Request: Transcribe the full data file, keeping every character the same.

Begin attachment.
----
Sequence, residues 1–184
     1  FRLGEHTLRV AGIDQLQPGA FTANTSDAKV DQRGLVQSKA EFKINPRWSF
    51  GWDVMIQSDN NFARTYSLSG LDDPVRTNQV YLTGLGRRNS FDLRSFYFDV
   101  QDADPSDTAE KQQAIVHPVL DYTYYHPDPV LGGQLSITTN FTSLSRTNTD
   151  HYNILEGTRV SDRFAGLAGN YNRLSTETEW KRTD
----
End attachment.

Sequence, residues 1–184
     1  FRLGEHTLRV AGIDQLQPGA FTANTSDAKV DQRGLVQSKA EFKINPRWSF
    51  GWDVMIQSDN NFARTYSLSG LDDPVRTNQV YLTGLGRRNS FDLRSFYFDV
   101  QDADPSDTAE KQQAIVHPVL DYTYYHPDPV LGGQLSITTN FTSLSRTNTD
   151  HYNILEGTRV SDRFAGLAGN YNRLSTETEW KRTD